Does Our $499 iPad Come at Too High a Cost?

Three workers have died and 15 others are injured after an explosion at the iPad/iPhone factory in Chengdu, China.

This has been on my mind all week, and I’m not sure what to say about it, except that it’s true. Maintaining our lifestyle in the US often means that in other countries, people are dying and human rights are being violated.

So is this what it takes to bring a $499 iPad to our doorsteps? What are the limits of human costs that consumers are willing to accept in the manufacturing of their electronics products? Would you be willing to pay, say, an extra $100 for an iPad if you could be assured that those workers who manufactured it were toiling in safe conditions, paid fair wages and not driven to suicide?

OFA and in 2010 – What Could Have Been

After President Obama was elected in 2008, I had the highest hopes for OFA and They talked a big game about using these organizing tools to help enact the Democratic agenda. And they were right – If Democrats could harness the technology that helped the President’s revolutionary campaign and modify it to work at the state and local levels, we’d have a set of tools to help us win future elections and build a sustainable political movement dedicated to helping the middle class.

Imagine the innovative tools from Obama 2008 being brought to campaigns of every level. Revolutionizing phone-banking, outreach, engagement, etc. Of course, they didn’t do that, and instead the technology and organizing tools stayed dormant while we got trounced in the 2010 midterms. Here are a few things that could have made a difference: Continue reading “OFA and in 2010 – What Could Have Been”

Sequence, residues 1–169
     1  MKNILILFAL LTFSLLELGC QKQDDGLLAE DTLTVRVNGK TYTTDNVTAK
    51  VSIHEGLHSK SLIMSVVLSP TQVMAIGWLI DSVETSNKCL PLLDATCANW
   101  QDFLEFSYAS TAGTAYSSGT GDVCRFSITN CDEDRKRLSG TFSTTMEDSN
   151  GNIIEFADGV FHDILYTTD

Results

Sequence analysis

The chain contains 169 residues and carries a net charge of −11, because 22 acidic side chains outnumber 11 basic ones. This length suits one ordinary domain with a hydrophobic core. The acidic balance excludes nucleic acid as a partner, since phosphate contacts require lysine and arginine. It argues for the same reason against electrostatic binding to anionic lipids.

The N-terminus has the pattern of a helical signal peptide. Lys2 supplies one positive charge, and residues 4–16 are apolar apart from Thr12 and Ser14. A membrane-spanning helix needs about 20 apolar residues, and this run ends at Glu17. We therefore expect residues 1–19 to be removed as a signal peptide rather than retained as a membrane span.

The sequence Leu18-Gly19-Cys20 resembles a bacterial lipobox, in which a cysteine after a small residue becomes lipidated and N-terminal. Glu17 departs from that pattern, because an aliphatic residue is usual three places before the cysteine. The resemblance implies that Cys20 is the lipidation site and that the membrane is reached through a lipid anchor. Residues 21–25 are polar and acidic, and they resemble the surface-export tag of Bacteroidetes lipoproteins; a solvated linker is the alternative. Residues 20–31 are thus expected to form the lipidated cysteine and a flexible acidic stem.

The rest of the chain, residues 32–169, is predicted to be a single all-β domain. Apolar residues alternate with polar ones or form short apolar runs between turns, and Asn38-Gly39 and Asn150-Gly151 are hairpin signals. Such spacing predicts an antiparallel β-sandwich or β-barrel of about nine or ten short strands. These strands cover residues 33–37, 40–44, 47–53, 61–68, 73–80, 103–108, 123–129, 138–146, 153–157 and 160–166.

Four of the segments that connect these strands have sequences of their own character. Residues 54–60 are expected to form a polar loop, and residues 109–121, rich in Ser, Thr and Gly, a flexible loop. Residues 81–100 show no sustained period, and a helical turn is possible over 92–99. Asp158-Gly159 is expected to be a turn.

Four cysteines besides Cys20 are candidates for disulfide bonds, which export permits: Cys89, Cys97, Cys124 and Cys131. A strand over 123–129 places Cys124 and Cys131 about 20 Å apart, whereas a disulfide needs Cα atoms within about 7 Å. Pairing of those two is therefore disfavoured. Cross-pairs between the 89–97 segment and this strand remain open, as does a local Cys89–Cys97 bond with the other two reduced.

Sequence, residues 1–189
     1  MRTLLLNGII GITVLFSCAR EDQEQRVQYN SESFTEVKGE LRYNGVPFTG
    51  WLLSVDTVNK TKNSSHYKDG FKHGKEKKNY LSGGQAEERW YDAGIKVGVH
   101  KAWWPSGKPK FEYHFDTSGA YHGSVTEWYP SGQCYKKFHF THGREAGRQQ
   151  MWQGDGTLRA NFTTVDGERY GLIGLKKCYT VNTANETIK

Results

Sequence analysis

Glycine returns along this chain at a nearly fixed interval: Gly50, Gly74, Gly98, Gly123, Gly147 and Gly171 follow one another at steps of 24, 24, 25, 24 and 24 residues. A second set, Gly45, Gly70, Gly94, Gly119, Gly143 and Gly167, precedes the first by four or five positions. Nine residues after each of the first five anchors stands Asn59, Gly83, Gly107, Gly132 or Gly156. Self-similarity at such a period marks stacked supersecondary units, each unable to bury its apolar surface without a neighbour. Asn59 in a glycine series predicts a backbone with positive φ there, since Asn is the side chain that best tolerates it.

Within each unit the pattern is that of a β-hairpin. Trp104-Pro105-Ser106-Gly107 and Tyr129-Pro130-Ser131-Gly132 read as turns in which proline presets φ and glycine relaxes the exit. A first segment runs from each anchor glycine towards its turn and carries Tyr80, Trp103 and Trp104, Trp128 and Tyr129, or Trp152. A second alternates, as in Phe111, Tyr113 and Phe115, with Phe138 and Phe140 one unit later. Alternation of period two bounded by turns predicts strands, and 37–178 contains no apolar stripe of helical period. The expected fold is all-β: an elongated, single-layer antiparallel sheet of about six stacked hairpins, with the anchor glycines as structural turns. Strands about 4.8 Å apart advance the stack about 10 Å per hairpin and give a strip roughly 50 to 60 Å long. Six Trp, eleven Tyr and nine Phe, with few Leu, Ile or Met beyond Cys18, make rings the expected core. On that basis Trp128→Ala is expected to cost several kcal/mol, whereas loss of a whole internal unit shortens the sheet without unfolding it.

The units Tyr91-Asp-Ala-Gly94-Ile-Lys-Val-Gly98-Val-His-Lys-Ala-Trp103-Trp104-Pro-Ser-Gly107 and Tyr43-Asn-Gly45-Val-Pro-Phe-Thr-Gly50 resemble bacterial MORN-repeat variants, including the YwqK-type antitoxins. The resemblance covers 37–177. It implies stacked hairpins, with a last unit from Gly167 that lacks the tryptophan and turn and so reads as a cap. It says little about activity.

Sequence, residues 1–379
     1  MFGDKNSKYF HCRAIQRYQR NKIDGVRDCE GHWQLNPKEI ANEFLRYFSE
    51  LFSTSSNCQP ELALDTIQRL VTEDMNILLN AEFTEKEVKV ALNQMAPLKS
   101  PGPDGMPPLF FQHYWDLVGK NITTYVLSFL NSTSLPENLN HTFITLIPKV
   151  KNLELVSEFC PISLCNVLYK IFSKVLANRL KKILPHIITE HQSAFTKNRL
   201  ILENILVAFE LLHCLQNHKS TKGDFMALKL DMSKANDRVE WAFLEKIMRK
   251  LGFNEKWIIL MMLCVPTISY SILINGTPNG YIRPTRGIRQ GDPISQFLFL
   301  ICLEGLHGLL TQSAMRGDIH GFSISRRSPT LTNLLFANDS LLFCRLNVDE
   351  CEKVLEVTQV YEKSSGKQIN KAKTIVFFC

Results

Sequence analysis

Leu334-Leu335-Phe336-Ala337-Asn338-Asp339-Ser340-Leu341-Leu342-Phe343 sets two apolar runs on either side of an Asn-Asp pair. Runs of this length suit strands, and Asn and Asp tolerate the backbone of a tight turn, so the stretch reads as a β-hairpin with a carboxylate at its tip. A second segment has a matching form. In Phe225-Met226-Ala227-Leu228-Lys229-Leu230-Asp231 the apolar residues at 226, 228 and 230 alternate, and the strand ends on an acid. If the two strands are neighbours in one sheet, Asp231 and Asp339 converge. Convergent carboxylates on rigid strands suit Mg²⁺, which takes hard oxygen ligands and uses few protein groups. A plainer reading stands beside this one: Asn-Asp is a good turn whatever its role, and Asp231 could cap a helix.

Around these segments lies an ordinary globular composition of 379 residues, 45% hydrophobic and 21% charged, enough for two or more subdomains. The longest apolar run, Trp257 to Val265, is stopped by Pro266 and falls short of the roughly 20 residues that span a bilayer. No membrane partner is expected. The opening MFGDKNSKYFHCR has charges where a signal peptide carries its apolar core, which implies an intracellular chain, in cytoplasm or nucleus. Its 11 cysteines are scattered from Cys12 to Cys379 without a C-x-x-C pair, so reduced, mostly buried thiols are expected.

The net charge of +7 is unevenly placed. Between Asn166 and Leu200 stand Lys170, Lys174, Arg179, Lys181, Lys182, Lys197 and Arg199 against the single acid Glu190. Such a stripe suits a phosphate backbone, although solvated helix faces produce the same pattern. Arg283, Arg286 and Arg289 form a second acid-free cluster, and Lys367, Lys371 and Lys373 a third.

Stuck in Neutral – Why Hasn’t Online Organizing Thrived?

At breakfast with a smart colleague and veteran campaigner recently, I asked him what sounds like a relatively simple question – why hasn’t online organizing thrived?

We seem to be stuck in 2007, when online organizing meant gathering as many email addresses as possible and “blasting” supporters as often as they’ll tolerate, always with the purpose of raising money, and rarely more than that. I’d hoped that we’d be past that by now, and that the presidential campaigns would lead the way.

But no one has, and the world of digital advocacy has quickly become merely a collection of intermediaries focused on moving money from individuals to good causes, while taking their cut. Continue reading “Stuck in Neutral – Why Hasn’t Online Organizing Thrived?”